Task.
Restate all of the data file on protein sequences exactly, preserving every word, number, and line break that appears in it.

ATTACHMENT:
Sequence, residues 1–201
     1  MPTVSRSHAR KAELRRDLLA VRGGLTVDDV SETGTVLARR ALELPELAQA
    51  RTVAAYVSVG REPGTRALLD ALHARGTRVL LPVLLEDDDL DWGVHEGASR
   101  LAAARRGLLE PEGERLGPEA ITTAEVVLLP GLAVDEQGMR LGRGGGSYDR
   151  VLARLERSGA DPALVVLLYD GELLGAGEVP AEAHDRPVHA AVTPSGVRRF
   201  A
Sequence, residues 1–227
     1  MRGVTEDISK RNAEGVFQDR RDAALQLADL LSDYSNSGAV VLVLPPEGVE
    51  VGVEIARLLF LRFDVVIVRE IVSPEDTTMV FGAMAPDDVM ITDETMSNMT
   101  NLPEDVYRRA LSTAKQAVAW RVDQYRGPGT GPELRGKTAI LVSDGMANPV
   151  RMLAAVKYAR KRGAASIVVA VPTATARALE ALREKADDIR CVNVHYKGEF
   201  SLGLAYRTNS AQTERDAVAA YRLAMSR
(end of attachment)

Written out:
Sequence, residues 1–201
     1  MPTVSRSHAR KAELRRDLLA VRGGLTVDDV SETGTVLARR ALELPELAQA
    51  RTVAAYVSVG REPGTRALLD ALHARGTRVL LPVLLEDDDL DWGVHEGASR
   101  LAAARRGLLE PEGERLGPEA ITTAEVVLLP GLAVDEQGMR LGRGGGSYDR
   151  VLARLERSGA DPALVVLLYD GELLGAGEVP AEAHDRPVHA AVTPSGVRRF
   201  A
Sequence, residues 1–227
     1  MRGVTEDISK RNAEGVFQDR RDAALQLADL LSDYSNSGAV VLVLPPEGVE
    51  VGVEIARLLF LRFDVVIVRE IVSPEDTTMV FGAMAPDDVM ITDETMSNMT
   101  NLPEDVYRRA LSTAKQAVAW RVDQYRGPGT GPELRGKTAI LVSDGMANPV
   151  RMLAAVKYAR KRGAASIVVA VPTATARALE ALREKADDIR CVNVHYKGEF
   201  SLGLAYRTNS AQTERDAVAA YRLAMSR